thu 12/12/2019

DVD: Weiner-Dog | reviews, news & interviews

DVD: Weiner-Dog

DVD: Weiner-Dog

A dachshund looks for America in Todd Solondz's latest

Sausage-dog serenade: Remi (Keaton Nigel Cooke) and Weiner-DogLinda Callerus

This is a story of an adorable dachshund and her cross-country travels, divided into four parts. So far so cute, but as this is a Todd Solondz movie, it doesn’t stay that way. Kids, avert your eyes. The dog’s first home – and the most impressive part of the film – is with lonely young Remi (Keaton Nigel Cooke) who’s recovering from cancer. He names her Weiner-Dog and they bond (the first shot of Remi is of him lying on bright green grass in a pose straight out of Boyhood, though similarities end there). But control-freak dad (Tracy Letts) is an owner from hell, even though it was he who rescued the dog from a strip-mall Shake a Paw puppy-store.

“Heel, motherfucker,” he barks as he drags poor Weiner-Dog down the driveway of their sterile glass box of a suburban house (Solondz does suburban ennui to perfection, and Ed Lachman's cinematography lends its landscape a wonderful vibrancy). The mom (Julie Delpy) is gentler but her explanation of the advantages of spaying are lurid, involving tales of canine rape and venereal disease. When the parents are out doing yoga, Remi and Weiner-Dog have fun, with disastrous results. Never has a camera dwelt so lovingly on pools of dog diarrhoea, with Debussy’s “Clair de Lune” as accompaniment.

Next stop the vet, in another strip mall, where bespectacled assistant Dawn Weiner (Greta Gerwig) rescues our heroine from being euthanised. We last saw Dawn in Solondz’s Welcome to the Dollhouse, where she was a bullied adolescent (played by Heather Matarazzo) known to her tormentors as Weiner-Dog. How suitable, then, that Dawn nurses her back to health – she renames her Doody – then sets off on a road trip with her and Dollhouse character Brandon (a remarkable, dead-pan Keiran Culkin), now a druggie. “What’s in Ohio?” asks Dawn. “Crystal meth,” he replies.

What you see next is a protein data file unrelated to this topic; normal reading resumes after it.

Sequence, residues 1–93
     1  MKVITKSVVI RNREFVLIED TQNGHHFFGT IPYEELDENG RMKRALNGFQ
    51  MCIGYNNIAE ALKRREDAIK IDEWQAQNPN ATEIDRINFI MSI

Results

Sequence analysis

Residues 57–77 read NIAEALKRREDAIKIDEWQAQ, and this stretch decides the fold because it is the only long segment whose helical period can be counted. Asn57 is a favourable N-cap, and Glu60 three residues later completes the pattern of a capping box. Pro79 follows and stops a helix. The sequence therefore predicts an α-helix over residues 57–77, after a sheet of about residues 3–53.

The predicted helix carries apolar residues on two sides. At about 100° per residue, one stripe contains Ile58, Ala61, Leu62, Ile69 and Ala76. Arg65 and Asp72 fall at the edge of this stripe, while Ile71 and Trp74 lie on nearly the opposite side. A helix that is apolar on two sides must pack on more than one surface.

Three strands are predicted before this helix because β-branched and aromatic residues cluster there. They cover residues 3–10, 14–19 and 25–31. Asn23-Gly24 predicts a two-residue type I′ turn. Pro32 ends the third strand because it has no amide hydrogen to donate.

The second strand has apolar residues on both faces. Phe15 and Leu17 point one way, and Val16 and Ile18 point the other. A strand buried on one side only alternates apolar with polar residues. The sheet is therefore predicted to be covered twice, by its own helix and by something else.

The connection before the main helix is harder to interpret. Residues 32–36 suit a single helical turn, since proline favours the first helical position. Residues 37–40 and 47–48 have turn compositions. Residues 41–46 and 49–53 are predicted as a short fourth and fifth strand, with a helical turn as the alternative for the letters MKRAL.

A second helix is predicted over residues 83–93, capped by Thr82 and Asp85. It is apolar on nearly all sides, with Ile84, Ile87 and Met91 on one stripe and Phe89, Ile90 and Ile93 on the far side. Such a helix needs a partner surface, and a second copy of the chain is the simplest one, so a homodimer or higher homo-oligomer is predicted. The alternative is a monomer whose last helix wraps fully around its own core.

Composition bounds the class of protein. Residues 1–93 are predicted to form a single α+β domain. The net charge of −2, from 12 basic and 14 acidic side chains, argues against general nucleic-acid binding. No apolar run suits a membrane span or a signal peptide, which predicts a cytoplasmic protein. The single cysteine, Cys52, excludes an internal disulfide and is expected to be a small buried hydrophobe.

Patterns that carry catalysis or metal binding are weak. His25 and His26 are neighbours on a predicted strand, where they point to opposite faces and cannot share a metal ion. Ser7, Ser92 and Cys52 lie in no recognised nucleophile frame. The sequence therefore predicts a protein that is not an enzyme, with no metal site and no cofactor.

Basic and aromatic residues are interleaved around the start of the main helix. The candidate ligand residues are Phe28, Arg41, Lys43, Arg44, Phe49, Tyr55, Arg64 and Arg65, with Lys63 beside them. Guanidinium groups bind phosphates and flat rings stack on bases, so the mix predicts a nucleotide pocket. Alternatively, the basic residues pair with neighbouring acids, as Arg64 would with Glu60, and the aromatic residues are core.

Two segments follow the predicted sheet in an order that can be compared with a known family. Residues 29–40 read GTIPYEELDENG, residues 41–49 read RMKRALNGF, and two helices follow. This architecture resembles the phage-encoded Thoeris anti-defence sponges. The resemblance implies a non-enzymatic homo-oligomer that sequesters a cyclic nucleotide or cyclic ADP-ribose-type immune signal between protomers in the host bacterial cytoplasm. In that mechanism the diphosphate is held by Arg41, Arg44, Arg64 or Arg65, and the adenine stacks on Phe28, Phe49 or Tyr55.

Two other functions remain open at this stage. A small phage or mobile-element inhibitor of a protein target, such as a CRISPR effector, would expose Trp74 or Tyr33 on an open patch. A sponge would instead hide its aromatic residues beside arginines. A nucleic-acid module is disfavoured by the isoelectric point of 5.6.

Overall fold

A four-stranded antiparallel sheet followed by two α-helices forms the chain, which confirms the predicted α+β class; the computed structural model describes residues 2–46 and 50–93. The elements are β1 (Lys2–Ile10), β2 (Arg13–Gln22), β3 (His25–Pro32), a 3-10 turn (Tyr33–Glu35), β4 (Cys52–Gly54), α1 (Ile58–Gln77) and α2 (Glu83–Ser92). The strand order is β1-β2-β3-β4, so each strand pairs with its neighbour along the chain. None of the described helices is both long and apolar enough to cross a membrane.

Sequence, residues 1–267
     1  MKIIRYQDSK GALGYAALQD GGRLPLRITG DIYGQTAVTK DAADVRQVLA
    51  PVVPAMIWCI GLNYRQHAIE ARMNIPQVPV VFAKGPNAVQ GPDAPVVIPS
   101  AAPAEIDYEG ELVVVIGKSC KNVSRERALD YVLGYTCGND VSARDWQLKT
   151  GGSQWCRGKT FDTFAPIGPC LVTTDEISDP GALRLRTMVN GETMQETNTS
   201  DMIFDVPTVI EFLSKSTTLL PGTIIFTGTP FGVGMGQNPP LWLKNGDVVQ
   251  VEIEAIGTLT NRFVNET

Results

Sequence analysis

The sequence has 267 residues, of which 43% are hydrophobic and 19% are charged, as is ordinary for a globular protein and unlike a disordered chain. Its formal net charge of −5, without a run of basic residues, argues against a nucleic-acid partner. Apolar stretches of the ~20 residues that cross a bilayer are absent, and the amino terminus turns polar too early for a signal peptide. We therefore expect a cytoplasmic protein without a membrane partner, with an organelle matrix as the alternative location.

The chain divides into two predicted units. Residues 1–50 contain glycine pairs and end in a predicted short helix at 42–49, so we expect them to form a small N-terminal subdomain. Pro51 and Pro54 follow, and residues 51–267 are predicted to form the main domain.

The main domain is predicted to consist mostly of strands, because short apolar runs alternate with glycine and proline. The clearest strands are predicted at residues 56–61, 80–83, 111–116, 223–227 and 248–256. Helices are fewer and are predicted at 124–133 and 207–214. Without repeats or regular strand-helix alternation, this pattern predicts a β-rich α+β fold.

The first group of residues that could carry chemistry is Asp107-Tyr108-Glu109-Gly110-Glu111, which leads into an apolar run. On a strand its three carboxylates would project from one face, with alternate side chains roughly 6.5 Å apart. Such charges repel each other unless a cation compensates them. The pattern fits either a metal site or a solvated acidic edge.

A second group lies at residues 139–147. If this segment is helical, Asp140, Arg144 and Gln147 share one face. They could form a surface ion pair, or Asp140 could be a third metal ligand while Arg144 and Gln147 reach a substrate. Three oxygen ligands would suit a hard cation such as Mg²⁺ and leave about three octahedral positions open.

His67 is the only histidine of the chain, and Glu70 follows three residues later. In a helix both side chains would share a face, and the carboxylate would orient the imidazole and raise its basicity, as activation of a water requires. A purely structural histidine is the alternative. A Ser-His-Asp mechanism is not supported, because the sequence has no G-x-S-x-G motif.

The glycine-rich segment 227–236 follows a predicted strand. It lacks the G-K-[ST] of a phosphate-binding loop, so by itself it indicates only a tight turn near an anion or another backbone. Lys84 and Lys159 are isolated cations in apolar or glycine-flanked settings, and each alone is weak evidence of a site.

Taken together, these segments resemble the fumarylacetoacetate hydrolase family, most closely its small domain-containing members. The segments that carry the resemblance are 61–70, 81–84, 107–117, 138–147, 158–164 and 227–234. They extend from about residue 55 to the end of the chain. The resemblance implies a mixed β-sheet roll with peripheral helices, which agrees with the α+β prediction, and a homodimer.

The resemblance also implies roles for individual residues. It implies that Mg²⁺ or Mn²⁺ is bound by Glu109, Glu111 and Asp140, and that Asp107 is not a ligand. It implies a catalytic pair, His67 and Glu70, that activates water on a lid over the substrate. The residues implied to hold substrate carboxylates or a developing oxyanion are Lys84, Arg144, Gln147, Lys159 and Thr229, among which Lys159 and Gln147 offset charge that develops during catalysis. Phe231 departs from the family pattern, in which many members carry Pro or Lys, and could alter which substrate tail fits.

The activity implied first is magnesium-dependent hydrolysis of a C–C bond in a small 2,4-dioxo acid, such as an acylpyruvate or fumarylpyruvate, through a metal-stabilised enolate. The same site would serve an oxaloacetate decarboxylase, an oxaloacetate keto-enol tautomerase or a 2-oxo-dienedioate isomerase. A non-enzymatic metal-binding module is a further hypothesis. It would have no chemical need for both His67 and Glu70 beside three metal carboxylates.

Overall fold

Solondz includes a Tarantino-style intermission in which a stirring ballad by South Park composer Marc Shaiman accompanies the pioneering dog across dramatic backdrops of the mountains and rivers of the land of the free. But there are no dramatic improvements in Weiner-Dog’s lot. In spite of her dignified bearing, she doesn't bring joy and each owner is more miserable than the last. Even so, this film – Solondz’s eighth – is lighter and more lyrical than some, such as Happiness, that laugh-a-minute epic about a child molester (1998), or even Dark Horse of 2011, which marked a kind of mellowing. But his characters are still despairing, isolated and misanthropic, especially Schmerz, a failed scriptwriter (Danny DeVito) and Ellen Burstyn as a grandma who calls the dog Cancer, “because it felt right”. I could have done with more dog and less humanity in this strange, queasy saga. Maybe that was the point.

Never has a camera dwelt so lovingly on pools of dog diarrhoea, with Debussy’s 'Clair de Lune' as accompaniment

rating

Editor Rating: 
3
Average: 3 (1 vote)

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